The Pathogenesis of Polycystic Kidney Disease Laboratory studies the pathogenesis of Autosomal Dominant Polycystic Kidney Disease (ADPKD), a common genetic disorder affecting 1 in 800 individuals. The disease is caused by mutations in the PKD1 or the PKD2 genes, which code for polycystin-1 (PC1) and polycystin-2 (PC2), respectively. ADPKD is characterized by the gradual formation and progressive enlargement of fluid-filled cysts, which eventually lead to renal failure.
Currently, there is no treatment for ADPKD other than supportive care and dialysis or kidney transplant becomes necessary when the disease reaches end-stage renal failure. The cystogenetic process is associated with the hyperproliferation of the renal tubular cells, abnormal fluid secretion, and alterations of the extracellular matrix component. To date, the molecular mechanisms underlying normal and cystogenic functions of PC1 remain unclear.
Using a stable PC1 knockdown model that recapitulates the pathological features of ADPKD epithelia, our laboratory showed that cell hyperproliferation is at least in part supported by the increased expression of integrin-β1, an extracellular matrix receptor involved in cell adhesion, migration, cell growth and survival. We observed that PC1 knockdown cells acquire the ability to escape anoikis, an apoptotic pathway triggered by the loss of cell anchorage, though an integrin-β1-dependent mechanism.
Furthermore, our lab provided the first of in vitro and in vivo evidence that ADPKD cells display a significant amplification of centrosomes. The centrosome is an organelle responsible for a variety of essential cellular processes, such as the assembly of primary cilia, cell polarity, trafficking of cytoplasmic organelles, and organization of the mitotic spindle. As such, centrosome duplication occurs only once per cell cycle through a mechanism tightly coupled to the cell cycle progression to ensure that each daughter cell receives only one centrosome. Centrosome amplification due to PC1 knockdown causes genomic instability and aneuploidy, and accounts for the apoptosis and the loss of cell polarity observed in cystic kidney epithelia. These profound alterations of cellular functions may be important triggers of the cystogenic transformation.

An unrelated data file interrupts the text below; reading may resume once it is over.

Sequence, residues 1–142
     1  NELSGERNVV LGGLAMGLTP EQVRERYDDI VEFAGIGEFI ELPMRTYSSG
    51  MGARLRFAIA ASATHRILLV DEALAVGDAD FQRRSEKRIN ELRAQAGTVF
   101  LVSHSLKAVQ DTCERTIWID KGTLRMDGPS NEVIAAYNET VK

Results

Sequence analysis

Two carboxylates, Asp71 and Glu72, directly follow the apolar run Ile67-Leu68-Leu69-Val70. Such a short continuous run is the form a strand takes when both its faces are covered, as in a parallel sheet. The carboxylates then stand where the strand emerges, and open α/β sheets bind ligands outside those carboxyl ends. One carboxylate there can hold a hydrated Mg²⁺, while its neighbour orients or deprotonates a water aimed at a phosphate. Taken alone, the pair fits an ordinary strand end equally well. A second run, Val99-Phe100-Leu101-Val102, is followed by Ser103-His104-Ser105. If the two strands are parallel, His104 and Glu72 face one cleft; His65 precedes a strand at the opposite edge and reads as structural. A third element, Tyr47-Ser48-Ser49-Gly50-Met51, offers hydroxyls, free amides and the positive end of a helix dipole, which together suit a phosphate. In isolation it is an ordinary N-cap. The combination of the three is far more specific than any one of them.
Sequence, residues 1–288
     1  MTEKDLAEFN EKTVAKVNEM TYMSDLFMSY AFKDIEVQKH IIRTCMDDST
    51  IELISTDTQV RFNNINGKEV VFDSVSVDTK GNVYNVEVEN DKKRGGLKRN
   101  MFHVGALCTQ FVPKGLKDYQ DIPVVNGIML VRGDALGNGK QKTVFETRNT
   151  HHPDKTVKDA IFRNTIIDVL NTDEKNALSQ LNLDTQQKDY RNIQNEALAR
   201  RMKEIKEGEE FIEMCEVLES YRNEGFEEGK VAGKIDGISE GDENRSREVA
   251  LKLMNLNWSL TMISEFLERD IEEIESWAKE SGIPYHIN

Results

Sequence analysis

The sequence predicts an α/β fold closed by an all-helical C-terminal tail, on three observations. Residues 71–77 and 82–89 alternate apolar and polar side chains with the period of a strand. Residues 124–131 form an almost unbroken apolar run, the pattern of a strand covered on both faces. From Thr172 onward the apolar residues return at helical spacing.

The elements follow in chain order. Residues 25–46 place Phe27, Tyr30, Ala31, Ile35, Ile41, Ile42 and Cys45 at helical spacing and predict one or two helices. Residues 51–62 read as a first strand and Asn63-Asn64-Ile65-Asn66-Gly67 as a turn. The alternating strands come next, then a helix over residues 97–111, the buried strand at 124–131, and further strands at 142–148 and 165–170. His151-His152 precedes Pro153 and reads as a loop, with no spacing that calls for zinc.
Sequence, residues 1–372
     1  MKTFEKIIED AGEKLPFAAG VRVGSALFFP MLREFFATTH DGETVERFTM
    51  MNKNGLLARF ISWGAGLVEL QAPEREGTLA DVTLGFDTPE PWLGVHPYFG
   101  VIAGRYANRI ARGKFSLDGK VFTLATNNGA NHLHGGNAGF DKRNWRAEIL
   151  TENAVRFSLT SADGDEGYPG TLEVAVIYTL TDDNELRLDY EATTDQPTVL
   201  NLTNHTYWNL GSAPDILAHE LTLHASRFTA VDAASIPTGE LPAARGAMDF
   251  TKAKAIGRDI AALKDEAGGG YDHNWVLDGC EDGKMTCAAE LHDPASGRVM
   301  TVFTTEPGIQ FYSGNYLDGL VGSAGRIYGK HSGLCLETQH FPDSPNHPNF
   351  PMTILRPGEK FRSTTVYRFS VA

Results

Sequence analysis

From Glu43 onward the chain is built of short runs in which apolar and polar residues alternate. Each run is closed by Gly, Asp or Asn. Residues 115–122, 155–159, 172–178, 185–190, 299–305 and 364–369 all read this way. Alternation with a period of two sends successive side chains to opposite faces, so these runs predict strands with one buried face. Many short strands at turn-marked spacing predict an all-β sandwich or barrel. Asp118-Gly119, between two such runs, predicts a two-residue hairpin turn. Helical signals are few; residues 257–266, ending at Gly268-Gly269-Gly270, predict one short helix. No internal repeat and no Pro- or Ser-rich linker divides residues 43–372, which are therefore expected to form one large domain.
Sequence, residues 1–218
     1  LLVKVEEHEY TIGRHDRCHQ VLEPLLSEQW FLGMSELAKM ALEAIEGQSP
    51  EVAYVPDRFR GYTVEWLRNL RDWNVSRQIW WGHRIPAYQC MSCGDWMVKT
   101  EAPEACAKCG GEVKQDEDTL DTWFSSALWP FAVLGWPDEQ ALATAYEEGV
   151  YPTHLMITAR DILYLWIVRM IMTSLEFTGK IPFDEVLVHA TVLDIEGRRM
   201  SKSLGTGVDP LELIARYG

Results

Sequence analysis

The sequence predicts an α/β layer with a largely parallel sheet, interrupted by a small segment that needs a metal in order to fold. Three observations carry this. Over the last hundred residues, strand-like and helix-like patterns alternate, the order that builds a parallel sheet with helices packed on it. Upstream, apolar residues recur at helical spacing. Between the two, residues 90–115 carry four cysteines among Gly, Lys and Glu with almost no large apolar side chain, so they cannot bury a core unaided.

Our research is focused on the definition of the molecular pathways that support cell hyperproliferation and the aberrant centrosome duplication. In particular, the objective of one of the ongoing projects is to understand the role of integrin-β1 in the cystogenetic progression triggered by loss of PC1, and to dissect the molecular pathways controlled by integrin-β1 to support cystic cell growth. A second project aims to determining the mechanisms that disrupt centrosome integrity and that contribute to the alteration of the cell cycle progression in PC1 defective cells.
G. Luca Gusella, PhD
1468 Madison Avenue
23rd Floor, Room 23-255 (Lab), 23-235 (Lab)
New York, NY 10029